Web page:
In Spanish, the pronunciation of the Y doesn"t depfinish on the area. It is always pronounced (Y as in "yes").If they were pronouncing a Spanish name start through Y- with the English J-, they were ssuggest pronouncing that not in Spanish but in English. Due to the fact that the sound of the English J- does not exist in Spanish, the Spanish speakers adapt it as Y-, which is the more comparable in their language (also being exceptionally different), and also that is why some English names via J- as Jessica, Jennifer or Jonathan has been adjusted in Spanish as Yésica, Yénifer and also Yónatan.Very most likely, many type of of those Mexideserve to immigrants are not more Spanish speakers but of Spanglish (a mix of Spanish and also English) or directly speakers of English via Spanish affect.Lumia

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I am sure you are ideal about the English affect on names beginning through Y, yet the family members I functioned with were almost all Mexican-born and their primary language was Spanish. In addition, this "English j" sound (I don"t recognize exactly how to make IPA signs show up here, or I would certainly usage them) was also supplied for the letter ll (as in llamar). I"m not an experienced on Spanish pronunciation, however I think it is an oversimplification to say that the letters ll and also y are always pronounced as IPA /j/ in eincredibly Spanish dialect.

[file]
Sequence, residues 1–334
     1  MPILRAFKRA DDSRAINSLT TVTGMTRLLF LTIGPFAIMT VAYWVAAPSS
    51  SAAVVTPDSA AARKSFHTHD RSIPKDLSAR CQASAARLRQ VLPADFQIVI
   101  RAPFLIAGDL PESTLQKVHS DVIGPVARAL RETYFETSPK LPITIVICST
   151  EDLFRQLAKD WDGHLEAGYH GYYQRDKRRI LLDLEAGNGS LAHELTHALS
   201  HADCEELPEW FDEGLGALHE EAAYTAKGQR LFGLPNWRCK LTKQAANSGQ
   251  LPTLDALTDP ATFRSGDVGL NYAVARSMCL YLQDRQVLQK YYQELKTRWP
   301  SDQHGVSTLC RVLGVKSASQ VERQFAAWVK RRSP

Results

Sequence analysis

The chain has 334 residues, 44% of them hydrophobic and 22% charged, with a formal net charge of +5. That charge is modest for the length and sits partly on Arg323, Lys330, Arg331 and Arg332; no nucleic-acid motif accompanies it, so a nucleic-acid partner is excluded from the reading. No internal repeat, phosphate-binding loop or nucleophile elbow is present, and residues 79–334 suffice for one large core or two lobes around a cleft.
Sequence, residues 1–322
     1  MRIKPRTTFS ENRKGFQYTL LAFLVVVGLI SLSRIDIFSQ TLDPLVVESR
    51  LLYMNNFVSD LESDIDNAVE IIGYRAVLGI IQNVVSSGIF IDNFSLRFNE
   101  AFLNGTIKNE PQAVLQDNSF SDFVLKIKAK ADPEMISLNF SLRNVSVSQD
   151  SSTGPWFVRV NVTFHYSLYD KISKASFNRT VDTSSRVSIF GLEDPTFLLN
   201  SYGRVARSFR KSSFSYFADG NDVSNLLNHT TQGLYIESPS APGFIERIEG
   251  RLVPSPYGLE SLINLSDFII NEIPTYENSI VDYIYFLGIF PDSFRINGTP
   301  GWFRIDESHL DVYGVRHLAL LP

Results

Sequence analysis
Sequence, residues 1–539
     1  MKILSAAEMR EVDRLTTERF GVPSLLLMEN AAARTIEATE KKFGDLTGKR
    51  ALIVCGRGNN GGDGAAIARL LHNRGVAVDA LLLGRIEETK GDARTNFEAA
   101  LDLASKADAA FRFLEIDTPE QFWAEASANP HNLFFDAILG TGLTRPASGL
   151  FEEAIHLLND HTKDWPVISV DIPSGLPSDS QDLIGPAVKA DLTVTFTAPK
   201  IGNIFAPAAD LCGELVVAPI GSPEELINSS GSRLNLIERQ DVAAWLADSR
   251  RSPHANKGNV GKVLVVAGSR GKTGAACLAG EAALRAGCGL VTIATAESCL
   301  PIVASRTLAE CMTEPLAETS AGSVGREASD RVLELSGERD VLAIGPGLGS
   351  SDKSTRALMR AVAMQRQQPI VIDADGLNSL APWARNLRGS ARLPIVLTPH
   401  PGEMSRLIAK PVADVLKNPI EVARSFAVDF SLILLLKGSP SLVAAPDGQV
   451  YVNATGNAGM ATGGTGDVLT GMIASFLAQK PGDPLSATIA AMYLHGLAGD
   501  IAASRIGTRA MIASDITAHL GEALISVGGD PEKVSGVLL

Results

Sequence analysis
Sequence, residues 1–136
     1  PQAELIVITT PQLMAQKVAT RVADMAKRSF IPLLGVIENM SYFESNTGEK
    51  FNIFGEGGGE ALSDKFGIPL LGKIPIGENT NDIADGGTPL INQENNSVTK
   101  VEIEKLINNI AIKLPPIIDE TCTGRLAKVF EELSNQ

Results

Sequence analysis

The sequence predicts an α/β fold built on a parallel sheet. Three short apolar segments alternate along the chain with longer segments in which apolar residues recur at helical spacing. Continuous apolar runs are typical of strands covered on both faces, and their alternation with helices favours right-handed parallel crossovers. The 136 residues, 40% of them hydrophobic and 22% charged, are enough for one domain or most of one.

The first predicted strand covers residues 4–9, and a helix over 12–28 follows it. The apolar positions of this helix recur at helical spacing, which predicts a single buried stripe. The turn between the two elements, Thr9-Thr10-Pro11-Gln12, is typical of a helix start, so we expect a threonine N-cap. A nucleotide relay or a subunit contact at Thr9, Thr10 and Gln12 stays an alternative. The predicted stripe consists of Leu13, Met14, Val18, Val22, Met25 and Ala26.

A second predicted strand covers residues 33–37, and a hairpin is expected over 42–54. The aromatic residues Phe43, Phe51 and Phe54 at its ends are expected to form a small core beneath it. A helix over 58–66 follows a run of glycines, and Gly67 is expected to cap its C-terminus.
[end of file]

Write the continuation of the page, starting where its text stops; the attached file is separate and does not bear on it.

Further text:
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(I additionally have problems through the IPA signs.)First at all, I never shelp that the letter LL is constantly pronounced as /j/ in eincredibly Spanish dialect, bereason that is not true (and, for circumstances, not for my dialect). The correct pronunciation of the LL is a palatal lateral approximant: pronunciation of the Y is a palatal: on the conmessage.It is incredibly usual in some locations (in Spain, for instance) that LL and Y are pronounced just as Y. And that is also true for Mexico:"Yeísmo: Del mismo moperform, no se diferencia la pronunciación de y y ll; ambas son una aproximante palatal sonora /j/ como la y del español estándar." just exception to these pronunciations is in the Rioplatense language (Uruguay and some locations of Argentina, as Buenos Aires), wright here Y and LL were pronounced with the sound of the French J (ZH) or, and this pronunciation is growing up among the young generations, with the sound of the English SH. Perhaps they were pronouncing the palatal /j/ in the affricate allophone and also to English ears that sounded as an English J (favor when I hear the English vowels and distribute the sounds not like they really are however equivalent with my vocalic distribution).